Russia sets new limitations on EU observers
Russia limits access to 300 EU monitors in Georgia, leaving their motives in question.
1 October 2008
TBILISI -- As hundreds of European Union monitors prepared to deploy in Georgia on Wednesday, Russia said it would not allow them to enter a buffer zone surrounding separatist South Ossetia.
Tuesday's statement by Russian peacekeeping forces appeared to be another example of Moscow stalling on compliance with a cease-fire agreement it had reached after the August war with Georgia over breakaway South Ossetia.
Russia and Georgia agreed to the EU observer mission as part of an updated cease-fire plan following the war, which ended with Russian and separatist forces in control of South Ossetia and another Moscow-backed breakaway region, Abkhazia. Russian troops remained deep in Georgia for weeks.
As part of the deal between Russia and Georgia, Moscow agreed to withdraw its forces completely from territories outside of South Ossetia and Abkhazia within 10 days of the EU monitors' deployment on Wednesday, including a roughly 7-kilometer (4-mile) buffer zone extending southward from South Ossetia's edge.
But the Russian peacekeeping forces' statement said that as of Wednesday, the EU monitoring would take place "up to the southern border of the security zone, which was agreed upon by the parties." The statement said there would be further consultations but gave no indication of when, or even if, Russia would grant the EU monitors access to the zone itself.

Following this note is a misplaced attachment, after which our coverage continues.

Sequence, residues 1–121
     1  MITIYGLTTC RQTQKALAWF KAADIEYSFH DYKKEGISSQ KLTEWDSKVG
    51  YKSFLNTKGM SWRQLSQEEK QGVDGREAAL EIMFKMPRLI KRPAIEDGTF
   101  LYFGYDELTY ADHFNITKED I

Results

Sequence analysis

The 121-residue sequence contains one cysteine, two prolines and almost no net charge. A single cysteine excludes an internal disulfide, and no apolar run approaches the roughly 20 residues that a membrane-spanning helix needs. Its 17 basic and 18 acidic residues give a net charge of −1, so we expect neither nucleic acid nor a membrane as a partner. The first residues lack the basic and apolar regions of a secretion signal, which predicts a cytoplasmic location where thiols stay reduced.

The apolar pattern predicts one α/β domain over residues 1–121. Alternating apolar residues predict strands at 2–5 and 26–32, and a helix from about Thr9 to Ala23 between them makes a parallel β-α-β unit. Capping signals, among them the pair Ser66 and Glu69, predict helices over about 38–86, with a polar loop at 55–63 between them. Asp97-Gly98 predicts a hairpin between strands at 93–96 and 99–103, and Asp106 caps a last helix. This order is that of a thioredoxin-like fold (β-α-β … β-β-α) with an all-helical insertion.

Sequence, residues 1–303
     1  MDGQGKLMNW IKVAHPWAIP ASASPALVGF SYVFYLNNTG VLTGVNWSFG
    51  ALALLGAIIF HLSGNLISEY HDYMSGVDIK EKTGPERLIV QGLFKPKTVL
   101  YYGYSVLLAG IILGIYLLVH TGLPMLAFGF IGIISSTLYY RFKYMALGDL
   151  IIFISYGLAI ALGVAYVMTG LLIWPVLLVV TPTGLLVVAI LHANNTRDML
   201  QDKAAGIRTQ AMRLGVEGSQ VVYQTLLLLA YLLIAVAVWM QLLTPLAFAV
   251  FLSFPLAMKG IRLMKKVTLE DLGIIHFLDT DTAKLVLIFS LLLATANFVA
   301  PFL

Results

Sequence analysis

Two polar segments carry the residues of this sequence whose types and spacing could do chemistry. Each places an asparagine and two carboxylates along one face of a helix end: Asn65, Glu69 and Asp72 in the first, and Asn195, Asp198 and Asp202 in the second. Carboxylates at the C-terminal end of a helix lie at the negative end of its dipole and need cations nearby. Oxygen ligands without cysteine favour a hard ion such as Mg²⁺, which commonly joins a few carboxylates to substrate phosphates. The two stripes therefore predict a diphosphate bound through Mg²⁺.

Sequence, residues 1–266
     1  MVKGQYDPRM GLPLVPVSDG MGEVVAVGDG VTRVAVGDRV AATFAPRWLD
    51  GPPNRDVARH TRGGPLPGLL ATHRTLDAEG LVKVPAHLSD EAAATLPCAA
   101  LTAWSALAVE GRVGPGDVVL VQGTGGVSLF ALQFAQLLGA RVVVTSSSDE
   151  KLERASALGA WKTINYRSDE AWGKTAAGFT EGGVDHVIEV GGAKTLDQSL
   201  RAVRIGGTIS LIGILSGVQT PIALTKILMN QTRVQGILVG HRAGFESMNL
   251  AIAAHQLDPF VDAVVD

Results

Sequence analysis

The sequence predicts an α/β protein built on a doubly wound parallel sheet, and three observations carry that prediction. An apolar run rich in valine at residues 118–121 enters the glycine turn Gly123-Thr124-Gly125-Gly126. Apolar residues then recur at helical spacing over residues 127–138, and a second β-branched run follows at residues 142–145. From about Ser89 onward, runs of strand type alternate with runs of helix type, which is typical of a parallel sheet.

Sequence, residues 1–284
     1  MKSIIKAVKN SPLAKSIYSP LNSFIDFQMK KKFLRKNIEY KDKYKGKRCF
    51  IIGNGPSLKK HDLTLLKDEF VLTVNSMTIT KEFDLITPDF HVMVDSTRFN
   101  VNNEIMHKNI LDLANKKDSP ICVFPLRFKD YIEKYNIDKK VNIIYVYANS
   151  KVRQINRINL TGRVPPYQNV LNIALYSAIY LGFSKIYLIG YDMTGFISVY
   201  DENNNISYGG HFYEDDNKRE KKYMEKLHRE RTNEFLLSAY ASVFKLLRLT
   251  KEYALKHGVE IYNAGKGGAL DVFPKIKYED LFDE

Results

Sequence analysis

The statement came as EU foreign policy chief Javier Solana visited Georgia on the eve of the deployment of about 300 EU monitors outside South Ossetia and Abkhazia.
It appeared to raise questions about when Russia will withdraw its troops from the zone, including those at checkpoints controlling entry from Georgian-controlled territory.
At news conferences in Tbilisi, Solana did not directly answer questions about the Russian statement, but expressed optimism that Moscow would pull its troops back from the security zone in the promised time frame.
"I am optimistic that all parties will comply with the agreement that was signed," Solana said. "We hope very much and we are sure that before October 10th that part of the mission will be completed."
Georgian President Mikhail Saakashvili also skirted questions about EU access. He stressed that Georgia wants a complete Russian withdrawal.
"We will not be happy until the last Russian soldier gets out of my country," he told a news conference with Solana.
A EU official played down the Russian statement, saying the observers had not expected immediate access throughout the zones surrounding South Ossetia and Abkhazia. "As far as we're concerned, we were supposed to have 200 monitors on the ground by Oct. 1. We have done our job," said the official, who said he was not authorized to give his name for attribution.
The EU observers will be based in four semi-permanent locations, including the central city of Gori, near South Ossetia, and the Black Sea port of Poti, key targets of Russian forces.
Russia has cast Georgia as the aggressor in the war, saying it only responded militarily to defend Russian citizens and peacekeeping troops in South Ossetia from a Georgian offensive that began late on Aug. 7.
Russia still plans to keep around 7,600 troops in South Ossetia and Abkhazia, which it has recognized as independent nations. Moscow had already said it would not allow EU monitors inside the regions themselves.
By MATT SIEGEL
[AP / Expatica]